The Supreme Court of Louisiana reinstated a district court’s judgment of forfeiture against Nathaniel White’s 2002 Chevrolet Trail Blazer; reversing the judgment of the Fourth Circuit Court of Appeal of Louisiana. The lower appellate court had itself reversed the district court; rejecting the district court’s conjecture that the vehicle was used to facilitate the sale of narcotics when Mr. White allegedly stored cocaine in his vehicle’s fuse box during intra-city travel. Louisiana’s high court agreed with the Fourth Circuit appellate court regarding facilitation. However, the Supreme Court of Louisiana reasoned that Mr. White’s use of the vehicle to possess cocaine exposed the vehicle to forfeiture (under Louisiana’s Controlled Substances Law) and decided to reinstate the forfeiture in accordance with that observation.
Because the forfeited property is a motor vehicle, “the seizing agency may retain use of the motor vehicle for use in the course and scope of undercover surveillance and investigation of violations of the Louisiana Controlled Dangerous Substances Law.” (La. Rev. Stat. Ann. § 40:2616)
All other property forfeited pursuant to Louisiana’s controlled substances code is deposited into the Special Asset Forfeiture Fund which is administered by local district attorneys’ offices. After paying off any outstanding security interests or liens on forfeited property, district attorneys may deduct costs (“all proper expenses of the proceedings for forfeiture and sale, including expenses of seizure, maintenance of custody, advertising, and court costs”) from forfeiture revenues before divvying up net profits between the courts, prosecutors and participating seizing agencies:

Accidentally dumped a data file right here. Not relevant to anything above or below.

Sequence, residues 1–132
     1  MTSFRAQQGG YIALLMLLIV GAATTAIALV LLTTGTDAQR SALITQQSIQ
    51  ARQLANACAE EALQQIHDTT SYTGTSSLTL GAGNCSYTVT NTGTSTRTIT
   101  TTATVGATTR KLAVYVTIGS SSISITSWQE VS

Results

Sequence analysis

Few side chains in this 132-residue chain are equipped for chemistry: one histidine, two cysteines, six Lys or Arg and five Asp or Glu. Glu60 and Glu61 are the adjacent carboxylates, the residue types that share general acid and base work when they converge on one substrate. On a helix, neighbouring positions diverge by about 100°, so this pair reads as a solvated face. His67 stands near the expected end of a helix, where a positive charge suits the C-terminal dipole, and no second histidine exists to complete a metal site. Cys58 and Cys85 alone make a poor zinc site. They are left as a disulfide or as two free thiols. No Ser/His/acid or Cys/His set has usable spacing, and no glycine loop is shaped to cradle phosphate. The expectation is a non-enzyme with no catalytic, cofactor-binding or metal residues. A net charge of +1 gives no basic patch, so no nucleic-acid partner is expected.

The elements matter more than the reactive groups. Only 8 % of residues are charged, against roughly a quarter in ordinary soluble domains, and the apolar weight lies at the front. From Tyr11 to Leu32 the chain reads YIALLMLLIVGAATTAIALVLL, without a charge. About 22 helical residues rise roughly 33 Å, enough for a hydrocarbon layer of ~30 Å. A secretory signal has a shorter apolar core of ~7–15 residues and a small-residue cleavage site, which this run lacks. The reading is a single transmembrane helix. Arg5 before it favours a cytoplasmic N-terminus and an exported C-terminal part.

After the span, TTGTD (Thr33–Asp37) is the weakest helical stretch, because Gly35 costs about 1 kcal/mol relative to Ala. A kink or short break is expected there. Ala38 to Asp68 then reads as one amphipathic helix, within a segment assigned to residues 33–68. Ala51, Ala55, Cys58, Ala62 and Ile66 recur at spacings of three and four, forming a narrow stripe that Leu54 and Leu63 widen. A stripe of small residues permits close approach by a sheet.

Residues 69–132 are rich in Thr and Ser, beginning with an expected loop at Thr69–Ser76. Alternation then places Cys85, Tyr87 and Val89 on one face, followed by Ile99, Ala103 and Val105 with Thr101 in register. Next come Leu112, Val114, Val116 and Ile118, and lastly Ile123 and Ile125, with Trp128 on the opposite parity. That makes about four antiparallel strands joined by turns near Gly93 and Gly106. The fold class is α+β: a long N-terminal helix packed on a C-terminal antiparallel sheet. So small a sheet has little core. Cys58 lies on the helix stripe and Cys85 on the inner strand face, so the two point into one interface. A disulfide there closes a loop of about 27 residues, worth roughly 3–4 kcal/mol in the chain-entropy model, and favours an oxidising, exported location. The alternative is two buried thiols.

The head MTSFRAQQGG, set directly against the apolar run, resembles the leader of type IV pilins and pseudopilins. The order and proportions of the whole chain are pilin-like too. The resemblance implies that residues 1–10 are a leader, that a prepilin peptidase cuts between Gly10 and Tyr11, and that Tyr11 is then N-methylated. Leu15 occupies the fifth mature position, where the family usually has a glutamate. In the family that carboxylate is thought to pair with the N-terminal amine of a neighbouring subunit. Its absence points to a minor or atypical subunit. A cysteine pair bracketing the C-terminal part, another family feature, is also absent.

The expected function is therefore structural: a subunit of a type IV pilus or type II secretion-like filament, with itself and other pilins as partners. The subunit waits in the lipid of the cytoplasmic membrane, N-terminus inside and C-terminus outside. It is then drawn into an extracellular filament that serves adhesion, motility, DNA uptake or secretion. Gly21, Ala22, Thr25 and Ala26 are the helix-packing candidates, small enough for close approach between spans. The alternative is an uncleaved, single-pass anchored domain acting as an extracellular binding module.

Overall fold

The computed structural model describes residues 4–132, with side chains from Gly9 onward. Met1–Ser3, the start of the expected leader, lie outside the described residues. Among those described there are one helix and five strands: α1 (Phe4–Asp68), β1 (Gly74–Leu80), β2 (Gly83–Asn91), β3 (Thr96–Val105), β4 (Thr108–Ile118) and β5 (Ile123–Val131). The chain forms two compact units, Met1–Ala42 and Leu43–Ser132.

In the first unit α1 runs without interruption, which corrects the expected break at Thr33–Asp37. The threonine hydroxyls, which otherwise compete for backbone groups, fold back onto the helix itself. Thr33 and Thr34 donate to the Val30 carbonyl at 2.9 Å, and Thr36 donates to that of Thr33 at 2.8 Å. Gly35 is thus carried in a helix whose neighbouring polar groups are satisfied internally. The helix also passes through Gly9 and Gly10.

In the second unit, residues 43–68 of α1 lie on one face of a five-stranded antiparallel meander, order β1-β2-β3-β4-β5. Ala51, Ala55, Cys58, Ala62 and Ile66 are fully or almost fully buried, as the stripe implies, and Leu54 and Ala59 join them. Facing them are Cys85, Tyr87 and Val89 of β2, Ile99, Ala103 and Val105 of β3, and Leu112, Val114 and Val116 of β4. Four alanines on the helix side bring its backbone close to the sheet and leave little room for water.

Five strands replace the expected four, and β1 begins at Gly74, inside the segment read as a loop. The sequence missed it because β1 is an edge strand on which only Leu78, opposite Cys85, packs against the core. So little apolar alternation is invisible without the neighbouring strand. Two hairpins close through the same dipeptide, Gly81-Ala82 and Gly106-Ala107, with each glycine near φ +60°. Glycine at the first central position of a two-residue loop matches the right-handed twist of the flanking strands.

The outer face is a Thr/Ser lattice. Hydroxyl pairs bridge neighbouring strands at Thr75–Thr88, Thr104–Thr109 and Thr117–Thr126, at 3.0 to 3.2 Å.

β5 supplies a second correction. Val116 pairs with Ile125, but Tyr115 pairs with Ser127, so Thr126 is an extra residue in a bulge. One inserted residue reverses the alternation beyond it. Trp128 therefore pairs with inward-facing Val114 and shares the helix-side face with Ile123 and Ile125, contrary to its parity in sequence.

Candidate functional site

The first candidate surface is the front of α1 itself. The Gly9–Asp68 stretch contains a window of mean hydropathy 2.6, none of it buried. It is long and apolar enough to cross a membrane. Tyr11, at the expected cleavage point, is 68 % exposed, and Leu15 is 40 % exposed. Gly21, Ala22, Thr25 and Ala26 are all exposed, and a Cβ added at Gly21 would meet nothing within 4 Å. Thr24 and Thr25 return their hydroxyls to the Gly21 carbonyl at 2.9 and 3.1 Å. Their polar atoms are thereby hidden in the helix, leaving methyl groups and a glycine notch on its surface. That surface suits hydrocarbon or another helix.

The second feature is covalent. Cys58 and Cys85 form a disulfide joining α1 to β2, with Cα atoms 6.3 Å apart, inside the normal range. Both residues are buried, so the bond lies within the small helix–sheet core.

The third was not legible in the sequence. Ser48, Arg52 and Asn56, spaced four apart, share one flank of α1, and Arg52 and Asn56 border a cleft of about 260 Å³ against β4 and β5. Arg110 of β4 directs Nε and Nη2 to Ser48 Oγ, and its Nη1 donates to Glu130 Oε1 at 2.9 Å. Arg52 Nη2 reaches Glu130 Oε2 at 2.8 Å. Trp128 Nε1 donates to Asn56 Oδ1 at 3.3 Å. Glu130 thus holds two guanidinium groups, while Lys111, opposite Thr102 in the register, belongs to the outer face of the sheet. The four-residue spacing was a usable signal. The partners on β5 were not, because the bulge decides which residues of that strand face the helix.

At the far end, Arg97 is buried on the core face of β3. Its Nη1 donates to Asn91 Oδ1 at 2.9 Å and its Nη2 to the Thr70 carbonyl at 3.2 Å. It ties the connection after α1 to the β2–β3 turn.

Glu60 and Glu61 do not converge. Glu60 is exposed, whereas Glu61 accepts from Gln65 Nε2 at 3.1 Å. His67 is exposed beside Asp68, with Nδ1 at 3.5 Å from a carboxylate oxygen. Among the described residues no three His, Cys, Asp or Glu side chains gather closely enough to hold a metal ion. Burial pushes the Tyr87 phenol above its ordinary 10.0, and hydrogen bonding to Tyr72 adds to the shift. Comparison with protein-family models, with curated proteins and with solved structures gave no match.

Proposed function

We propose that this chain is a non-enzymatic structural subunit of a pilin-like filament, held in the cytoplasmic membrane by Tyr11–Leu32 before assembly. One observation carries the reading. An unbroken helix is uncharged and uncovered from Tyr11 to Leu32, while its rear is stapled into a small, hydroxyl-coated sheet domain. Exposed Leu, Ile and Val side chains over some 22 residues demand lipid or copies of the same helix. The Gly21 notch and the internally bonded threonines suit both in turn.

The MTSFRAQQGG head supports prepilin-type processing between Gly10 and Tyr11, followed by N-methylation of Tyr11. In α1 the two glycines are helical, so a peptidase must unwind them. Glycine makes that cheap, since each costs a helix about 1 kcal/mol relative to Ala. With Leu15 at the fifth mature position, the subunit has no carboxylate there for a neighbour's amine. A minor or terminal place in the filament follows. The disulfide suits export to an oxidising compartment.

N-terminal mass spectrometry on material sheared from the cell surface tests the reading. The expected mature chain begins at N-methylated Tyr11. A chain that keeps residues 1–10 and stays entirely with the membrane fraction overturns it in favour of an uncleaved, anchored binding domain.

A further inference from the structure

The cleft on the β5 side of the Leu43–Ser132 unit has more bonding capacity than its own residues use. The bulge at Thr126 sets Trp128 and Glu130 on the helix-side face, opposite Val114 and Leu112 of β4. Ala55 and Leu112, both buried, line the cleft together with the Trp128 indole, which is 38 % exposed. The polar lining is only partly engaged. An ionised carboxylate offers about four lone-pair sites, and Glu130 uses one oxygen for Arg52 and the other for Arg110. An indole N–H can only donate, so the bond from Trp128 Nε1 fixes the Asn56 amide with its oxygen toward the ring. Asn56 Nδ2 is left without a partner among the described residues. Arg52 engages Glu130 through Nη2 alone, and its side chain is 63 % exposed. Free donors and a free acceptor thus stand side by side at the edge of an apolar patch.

“(a) Sixty percent thereof to the law enforcement agency or agencies making the seizure, such proceeds to be used in drug law enforcement, including but not limited to reward programs established by such agencies.
(b) Twenty percent thereof to the criminal court fund.
(c) Twenty percent thereof to any district attorney’s office that employs the attorneys that handle the forfeiture action for the state. This shall be paid into the district attorney’s twelve percent fund to be used for public purposes including, but not limited to use for prosecution, rewards, support and continuing legal education in furtherance of this Chapter, and in regard to Chapter 4 of Title 40 of the Louisiana Revised Statutes of 1950.” La. Rev. Stat. Ann. § 40:2616
Louisiana’s Supreme Court recently heard oral arguments in an asset forfeiture case rising from the Third Circuit Court of Appeal of Louisiana as well (State of Louisiana v. $144,320.00, et al. 84 So.3d 768 (2012)).
Neither case addressed judicial incentives to direct verdicts.